Ty Wilson Law August 2019

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Your Compass MONTHLY




Happy August!

As the year blows past us, I look around and notice how fast time is moving with my children. They are growing up so fast. It makes me think: Looking back, am I going to be happy with the quality time I spent with them? Did I help shape who they will become? It is not recognition I am looking for but maybe comfort in knowing I made a difference in their lives, in helping them become the best people they can be for our future generations. Perhaps it is a silly thought. Everyone is doing the best they can. This is something I say to myself when I have a frustrating moment with a particular individual. I think, they do not mean to be difficult. They are doing the best they can and are not intentionally trying to make my day this challenging. I usually smile and realize, this too, shall pass. Thought for the month:


As the summer comes to an end, you may be preparing to send your child off to college for the first time. While this may be an exciting time for your child, saying goodbye to the life they shared with you at home can be difficult. They will soon be entering a new routine that includes feeding themselves, managing their own schedule, and doing chores unprompted — all without any help from Mom and Dad. No transition is perfect, but this change doesn’t have to be a disaster. Whether your child is moving into a dorm, campus housing, or their first apartment, there are a few things you can do to make this transition as painless as possible. Having a tangible list you can check off in preparation for this big shift can help everyone involved feel more prepared. There are the obvious things kids need when they move out, like dishes, silverware, or a lamp, but pay attention to the areas that might get overlooked. If your child will be living on campus, check out the bathroom situation and make sure they won’t find themselves without a shower curtain on the first day of class. If they’re living in their own apartment, it’s a good idea to equip them with a small toolkit and a pair of jumper cables for their car. Other overlooked essentials include: Pack the essentials.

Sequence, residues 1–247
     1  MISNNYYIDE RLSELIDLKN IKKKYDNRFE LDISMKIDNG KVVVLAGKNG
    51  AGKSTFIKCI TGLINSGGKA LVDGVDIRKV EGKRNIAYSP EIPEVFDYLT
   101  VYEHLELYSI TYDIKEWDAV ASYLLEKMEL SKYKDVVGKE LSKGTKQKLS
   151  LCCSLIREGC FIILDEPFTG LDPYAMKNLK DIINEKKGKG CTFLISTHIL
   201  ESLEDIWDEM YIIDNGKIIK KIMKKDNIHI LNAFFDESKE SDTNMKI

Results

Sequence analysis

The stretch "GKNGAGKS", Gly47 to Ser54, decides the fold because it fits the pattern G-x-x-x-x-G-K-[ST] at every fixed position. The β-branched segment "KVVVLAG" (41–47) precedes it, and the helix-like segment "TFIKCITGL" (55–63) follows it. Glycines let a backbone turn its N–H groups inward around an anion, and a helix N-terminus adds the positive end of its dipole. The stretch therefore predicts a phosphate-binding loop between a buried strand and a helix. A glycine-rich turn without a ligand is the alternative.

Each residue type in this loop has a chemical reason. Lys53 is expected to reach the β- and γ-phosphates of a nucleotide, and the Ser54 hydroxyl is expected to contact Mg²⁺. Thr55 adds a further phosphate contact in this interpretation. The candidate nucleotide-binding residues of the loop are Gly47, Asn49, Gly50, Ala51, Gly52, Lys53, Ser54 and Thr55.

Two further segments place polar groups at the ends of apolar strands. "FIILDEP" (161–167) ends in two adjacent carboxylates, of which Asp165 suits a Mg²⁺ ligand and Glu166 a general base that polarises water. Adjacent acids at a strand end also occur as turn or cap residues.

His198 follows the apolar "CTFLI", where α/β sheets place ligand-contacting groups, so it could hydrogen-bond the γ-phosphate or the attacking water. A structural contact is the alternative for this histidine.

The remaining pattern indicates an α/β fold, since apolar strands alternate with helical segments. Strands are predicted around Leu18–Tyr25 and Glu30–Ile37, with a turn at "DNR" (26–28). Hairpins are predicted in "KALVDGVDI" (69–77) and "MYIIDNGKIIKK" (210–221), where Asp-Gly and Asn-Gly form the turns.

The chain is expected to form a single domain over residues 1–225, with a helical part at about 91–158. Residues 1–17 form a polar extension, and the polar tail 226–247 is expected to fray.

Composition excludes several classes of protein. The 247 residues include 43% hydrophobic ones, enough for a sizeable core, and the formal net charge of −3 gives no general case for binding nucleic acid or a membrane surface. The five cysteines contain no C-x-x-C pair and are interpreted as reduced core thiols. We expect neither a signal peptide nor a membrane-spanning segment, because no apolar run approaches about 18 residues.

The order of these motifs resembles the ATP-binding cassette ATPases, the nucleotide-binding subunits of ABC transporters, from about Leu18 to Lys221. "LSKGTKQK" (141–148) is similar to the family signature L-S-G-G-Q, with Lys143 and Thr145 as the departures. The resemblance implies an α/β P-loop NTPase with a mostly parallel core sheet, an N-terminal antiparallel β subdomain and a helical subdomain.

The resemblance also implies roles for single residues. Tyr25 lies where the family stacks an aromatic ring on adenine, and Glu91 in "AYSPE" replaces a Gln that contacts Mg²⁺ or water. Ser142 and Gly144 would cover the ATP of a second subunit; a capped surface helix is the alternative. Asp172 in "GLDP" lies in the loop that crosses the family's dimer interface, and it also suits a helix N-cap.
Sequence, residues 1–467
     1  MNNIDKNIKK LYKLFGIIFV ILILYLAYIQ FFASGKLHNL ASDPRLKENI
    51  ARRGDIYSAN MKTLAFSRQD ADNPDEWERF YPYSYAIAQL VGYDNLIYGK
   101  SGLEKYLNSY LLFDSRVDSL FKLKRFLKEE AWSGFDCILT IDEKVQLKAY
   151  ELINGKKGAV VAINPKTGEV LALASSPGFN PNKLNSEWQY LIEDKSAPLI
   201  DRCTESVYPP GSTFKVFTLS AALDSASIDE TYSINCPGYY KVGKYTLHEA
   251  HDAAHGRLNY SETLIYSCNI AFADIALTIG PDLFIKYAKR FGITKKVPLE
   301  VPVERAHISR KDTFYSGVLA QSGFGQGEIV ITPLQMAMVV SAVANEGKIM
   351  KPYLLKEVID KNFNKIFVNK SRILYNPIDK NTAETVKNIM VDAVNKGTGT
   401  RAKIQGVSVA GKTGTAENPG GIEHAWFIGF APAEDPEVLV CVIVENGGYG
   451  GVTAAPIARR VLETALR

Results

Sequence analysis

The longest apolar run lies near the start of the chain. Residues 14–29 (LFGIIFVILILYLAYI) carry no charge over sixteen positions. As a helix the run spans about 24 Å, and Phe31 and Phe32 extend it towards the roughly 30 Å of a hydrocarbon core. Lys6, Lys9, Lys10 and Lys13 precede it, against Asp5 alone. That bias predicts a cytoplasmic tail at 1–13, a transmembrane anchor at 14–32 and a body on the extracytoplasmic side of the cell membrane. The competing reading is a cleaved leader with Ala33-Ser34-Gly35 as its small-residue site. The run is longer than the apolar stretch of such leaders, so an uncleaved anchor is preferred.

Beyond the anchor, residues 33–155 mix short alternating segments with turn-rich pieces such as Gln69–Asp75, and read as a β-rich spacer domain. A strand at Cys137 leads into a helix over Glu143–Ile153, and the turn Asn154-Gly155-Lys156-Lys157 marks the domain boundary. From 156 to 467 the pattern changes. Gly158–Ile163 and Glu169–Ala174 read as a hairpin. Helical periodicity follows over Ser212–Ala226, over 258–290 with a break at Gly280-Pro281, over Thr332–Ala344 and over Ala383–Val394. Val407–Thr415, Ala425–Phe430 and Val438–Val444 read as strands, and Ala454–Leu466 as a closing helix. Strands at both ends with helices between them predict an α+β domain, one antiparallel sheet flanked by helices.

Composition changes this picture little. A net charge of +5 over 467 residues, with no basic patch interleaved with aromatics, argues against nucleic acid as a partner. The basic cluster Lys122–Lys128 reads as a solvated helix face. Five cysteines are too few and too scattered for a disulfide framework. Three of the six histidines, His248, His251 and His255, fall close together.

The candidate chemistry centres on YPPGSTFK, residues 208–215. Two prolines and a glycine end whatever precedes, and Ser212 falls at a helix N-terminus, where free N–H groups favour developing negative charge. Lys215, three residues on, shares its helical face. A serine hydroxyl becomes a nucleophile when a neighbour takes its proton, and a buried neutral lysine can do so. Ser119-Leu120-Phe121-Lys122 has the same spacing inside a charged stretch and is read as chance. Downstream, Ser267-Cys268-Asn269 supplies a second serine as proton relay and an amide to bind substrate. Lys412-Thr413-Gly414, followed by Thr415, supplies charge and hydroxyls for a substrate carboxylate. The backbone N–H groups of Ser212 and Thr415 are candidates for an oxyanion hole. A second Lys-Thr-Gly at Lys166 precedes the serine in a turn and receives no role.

Have a great month. School is starting back, so be careful — children are out.

Stay safe,

-Ty Wilson

Surge protector with USB ports

Disinfecting wipes

A laundry hamper

Extra hangers

First-aid kit

Shower caddy (especially for dorms with a shared bathroom)

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